Proposed Designation of Perfluorooctanoic Acid (PFOA) and Perfluorooctanesulfonic Acid (PFOS) as CERCLA Hazardous Substances
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EPA is proposing to designate two per- and polyfluoroalkyl substances (PFAS) -- perfluorooctanoic acid (PFOA) and perfluorooctanesulfonic acid (PFOS), including their salts and structural isomers -- as hazardous substances under the Comprehensive Environmental Response, Compensation, and Liability Act (CERCLA), also known as Superfund. This proposed rulemaking would increase transparency around releases of these harmful chemicals and help to hold polluters accountable for cleaning up their contamination.
The rulemaking would require entities to immediately report releases of PFOA and PFOS that meet or exceed the reportable quantity to the National Response Center, state or Tribal emergency response commission, and the local or Tribal emergency planning committee (local emergency responders). Entities would not be required to report past releases of PFOA or PFOS as they were not yet listed as hazardous substances.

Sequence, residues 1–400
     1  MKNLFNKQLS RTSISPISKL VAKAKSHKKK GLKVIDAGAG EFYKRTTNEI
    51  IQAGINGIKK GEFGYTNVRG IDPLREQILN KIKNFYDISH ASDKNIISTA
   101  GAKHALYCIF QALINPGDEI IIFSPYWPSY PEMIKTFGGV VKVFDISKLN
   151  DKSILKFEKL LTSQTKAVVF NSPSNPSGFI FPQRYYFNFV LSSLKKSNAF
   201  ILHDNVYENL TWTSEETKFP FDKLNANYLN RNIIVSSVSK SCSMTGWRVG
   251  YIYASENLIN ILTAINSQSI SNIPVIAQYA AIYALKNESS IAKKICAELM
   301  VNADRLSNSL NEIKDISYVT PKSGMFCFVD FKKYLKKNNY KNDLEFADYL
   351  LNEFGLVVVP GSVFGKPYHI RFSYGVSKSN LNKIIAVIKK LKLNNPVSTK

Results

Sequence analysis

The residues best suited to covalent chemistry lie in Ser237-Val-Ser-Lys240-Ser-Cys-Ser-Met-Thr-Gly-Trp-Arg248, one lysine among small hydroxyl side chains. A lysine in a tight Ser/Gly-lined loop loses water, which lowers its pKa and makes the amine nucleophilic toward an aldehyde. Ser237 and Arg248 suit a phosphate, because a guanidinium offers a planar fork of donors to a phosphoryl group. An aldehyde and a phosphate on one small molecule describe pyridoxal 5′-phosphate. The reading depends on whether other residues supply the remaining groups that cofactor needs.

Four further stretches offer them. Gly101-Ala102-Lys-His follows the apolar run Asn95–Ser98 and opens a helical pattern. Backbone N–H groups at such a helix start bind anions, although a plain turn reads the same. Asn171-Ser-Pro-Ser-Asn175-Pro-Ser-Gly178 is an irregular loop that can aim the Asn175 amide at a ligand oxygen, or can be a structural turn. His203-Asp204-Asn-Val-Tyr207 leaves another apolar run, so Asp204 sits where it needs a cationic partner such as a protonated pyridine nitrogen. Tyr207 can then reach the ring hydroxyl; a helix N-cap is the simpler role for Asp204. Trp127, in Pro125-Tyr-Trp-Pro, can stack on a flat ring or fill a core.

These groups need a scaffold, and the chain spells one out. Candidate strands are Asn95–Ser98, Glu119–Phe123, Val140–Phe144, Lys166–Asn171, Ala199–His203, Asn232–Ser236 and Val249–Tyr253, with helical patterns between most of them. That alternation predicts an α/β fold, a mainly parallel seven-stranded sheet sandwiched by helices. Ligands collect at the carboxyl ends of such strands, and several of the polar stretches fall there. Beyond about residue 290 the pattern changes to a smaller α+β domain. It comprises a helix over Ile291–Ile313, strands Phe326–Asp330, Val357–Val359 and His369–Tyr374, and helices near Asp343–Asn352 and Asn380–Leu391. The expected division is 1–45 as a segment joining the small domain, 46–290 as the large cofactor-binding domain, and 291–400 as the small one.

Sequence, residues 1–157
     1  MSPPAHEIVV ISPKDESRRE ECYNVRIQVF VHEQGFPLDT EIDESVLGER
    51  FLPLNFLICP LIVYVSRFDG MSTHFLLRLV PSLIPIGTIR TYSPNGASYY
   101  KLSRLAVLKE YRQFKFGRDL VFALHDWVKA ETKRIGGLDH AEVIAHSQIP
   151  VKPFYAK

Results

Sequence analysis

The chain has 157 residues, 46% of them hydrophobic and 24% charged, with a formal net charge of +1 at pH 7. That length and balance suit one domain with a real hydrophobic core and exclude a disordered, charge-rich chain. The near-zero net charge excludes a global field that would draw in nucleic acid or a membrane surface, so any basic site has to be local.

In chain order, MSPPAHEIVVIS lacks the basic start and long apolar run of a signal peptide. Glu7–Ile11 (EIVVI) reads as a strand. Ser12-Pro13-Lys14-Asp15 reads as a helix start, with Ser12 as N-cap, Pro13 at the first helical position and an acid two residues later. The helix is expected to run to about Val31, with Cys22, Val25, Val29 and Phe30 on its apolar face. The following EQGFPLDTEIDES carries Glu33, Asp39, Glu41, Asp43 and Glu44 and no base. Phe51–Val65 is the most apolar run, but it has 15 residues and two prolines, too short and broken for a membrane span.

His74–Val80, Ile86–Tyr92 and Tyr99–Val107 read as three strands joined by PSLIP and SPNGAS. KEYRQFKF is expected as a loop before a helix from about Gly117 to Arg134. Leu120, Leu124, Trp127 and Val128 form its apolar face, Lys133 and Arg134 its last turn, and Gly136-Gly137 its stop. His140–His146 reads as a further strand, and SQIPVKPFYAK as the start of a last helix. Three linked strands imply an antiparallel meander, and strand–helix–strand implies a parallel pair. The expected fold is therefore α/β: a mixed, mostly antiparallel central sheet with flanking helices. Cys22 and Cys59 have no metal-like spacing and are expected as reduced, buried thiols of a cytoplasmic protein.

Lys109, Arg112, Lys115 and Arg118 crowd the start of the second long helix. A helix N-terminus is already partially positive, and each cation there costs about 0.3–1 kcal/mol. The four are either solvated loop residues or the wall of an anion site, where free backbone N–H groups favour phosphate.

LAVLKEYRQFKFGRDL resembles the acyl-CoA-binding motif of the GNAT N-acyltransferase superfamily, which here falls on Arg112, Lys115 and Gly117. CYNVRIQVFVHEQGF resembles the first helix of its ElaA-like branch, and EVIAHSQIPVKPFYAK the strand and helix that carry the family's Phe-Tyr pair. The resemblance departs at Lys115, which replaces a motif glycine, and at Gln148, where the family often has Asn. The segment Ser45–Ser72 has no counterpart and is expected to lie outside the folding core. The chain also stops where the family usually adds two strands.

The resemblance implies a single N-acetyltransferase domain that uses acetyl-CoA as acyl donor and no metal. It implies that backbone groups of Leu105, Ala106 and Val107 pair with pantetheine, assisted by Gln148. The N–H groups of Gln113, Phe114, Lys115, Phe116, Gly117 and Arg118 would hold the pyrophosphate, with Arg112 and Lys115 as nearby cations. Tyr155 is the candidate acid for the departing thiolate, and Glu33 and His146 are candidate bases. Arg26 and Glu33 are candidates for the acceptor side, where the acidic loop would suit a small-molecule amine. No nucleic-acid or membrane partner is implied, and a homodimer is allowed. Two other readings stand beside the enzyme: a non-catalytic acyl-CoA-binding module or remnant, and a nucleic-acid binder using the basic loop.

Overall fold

EPA is asking for public comment on the proposal for 60 days--comments must be received on or before November 7, 2022--at docket EPA-HQ-OLEM-2019-0341 on www.regulations.gov.
The proposed designation of PFOA and PFOS as hazardous substances is based on significant evidence that PFOA and PFOS may present a substantial danger to human health or welfare and the environment. PFOA and PFOS can accumulate and persist in the human body for long periods of time and evidence from laboratory animal and human epidemiology studies indicate that exposure to PFOA and/or PFOS can cause cancer, reproductive, developmental (e.g., low birth weight), cardiovascular, liver, kidney, and immunological effects.
EPA anticipates developing an Advance Notice of Proposed Rulemaking in the future to seek public comment on designating other PFAS chemicals as CERCLA hazardous substances.
For more information about EPA’s work to address PFAS, please visit: https://www.epa.gov/pfas.
For information about Superfund, please visit: https://www.epa.gov/superfund